Financial headline writers scrambled feverishly to explain the market swoon of February 27 which by the end of the day had sent the S&P 500 plummeting 3.5 percent. Soon after the opening bell, Reuters exclaimed:
“Stocks fell sharply at the open…after China’s main stock index tumbled and an unsuccessful assassination attempt on Vice President Dick Cheney in Afghanistan unnerved investors.”
Aside perhaps from establishing Reuters’ apparent contempt for Mr. Cheney, such fleeting commentary is of little use to serious investors. U.S. News and World Report, after all, had a whole different take the very next day:
“…China was only one of many drivers that pushed stocks lower. …Yesterday, crude oil prices climbed back above $61 a barrel. Meanwhile…durable goods fell a surprising 7.8 percent in January—signaling that the economy many not be as resilient as some think. This seemed to support fears that former Federal Reserve Chairman Alan Greenspan raised this week, when he hinted that the U.S. economy could still slip into recession….”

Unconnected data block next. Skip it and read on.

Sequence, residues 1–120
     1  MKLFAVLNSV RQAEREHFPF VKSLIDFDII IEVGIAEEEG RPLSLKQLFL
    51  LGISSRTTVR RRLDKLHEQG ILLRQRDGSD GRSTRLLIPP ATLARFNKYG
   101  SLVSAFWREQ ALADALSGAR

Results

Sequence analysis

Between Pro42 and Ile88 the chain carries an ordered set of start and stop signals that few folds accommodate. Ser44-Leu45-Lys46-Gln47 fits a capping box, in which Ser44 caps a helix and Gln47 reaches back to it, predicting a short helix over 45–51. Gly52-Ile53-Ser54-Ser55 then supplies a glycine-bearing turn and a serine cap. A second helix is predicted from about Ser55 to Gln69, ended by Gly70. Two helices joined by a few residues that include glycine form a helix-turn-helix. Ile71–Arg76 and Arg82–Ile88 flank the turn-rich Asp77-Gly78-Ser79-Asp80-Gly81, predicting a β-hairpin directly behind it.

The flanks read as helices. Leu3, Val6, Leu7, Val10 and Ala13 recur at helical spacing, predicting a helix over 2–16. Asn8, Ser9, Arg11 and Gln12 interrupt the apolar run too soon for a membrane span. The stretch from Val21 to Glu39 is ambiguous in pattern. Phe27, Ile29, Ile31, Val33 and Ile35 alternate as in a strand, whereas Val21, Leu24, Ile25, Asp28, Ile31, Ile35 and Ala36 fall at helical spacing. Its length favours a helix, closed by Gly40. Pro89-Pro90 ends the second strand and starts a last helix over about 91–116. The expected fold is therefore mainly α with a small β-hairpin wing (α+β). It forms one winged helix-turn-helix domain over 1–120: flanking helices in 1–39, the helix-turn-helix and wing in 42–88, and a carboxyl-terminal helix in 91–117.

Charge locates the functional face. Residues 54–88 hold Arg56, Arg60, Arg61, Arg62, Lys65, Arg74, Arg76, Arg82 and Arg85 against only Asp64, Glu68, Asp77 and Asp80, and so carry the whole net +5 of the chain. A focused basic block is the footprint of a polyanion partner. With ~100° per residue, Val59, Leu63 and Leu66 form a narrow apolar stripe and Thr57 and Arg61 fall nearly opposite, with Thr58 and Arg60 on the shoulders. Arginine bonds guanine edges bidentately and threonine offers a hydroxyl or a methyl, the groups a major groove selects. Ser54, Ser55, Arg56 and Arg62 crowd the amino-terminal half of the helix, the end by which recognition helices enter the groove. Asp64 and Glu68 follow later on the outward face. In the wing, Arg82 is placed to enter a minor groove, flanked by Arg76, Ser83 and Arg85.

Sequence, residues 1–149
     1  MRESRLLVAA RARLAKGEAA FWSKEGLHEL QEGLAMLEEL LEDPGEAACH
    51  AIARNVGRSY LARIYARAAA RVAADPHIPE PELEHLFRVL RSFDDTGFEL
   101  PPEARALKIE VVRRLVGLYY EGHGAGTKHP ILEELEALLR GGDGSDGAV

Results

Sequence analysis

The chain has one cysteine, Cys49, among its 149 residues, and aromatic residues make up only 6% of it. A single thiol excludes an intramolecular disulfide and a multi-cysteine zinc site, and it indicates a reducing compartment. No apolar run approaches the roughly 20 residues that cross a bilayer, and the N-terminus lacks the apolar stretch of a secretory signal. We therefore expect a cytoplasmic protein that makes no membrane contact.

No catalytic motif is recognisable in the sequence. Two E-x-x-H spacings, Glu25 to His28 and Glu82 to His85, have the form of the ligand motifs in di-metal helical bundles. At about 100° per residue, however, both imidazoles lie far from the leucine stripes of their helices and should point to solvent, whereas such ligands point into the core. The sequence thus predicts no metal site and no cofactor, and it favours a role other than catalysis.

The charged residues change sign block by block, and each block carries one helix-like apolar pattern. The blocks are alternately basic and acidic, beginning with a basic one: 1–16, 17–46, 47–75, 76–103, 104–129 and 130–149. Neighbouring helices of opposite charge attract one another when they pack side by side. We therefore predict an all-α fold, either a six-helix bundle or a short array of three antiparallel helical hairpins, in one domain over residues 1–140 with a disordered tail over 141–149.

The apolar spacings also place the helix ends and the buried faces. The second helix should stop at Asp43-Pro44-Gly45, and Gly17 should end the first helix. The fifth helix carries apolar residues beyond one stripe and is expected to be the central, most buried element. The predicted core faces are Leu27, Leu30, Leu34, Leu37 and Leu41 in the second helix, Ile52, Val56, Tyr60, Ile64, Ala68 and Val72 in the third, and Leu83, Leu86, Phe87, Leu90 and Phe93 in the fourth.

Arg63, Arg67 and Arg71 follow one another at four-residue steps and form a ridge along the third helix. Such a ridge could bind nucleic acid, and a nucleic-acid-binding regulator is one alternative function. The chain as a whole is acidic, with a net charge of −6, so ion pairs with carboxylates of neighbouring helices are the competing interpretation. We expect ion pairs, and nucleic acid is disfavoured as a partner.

The financial media seems hopelessly compelled to “explain” events that are actually needless distractions for investors. The fact is, markets are driven by countless investors responding to a limitless and constantly changing flow of information. We can only surmise that a headline proclaiming “Increased Short-Term Volatility in Stock Prices as Demand for Equities Falls Relative to Supply” would not sell many newspapers.
Wise investors should ignore the jabber and simply stick with one of our recommended allocation plans. The chart above shows that our hypothetical AIS Moderate Portfolio would have fallen by only 2.3% that day, and that those who did not panic held up just fine.
Also in This Issue:
Tax Filing Note: Placer Dome/Barrick Gold Merger
Good Versus Bad Risk
Going Global in Real Estate
Bad Guys Finish First?
A Matter of Trust
DNP Select Income Announces Managed Distribution Plan
The High-Yield Dow Investment Strategy
Recent Market Statistics
The Dow-Jones Industrials Ranked by Yield
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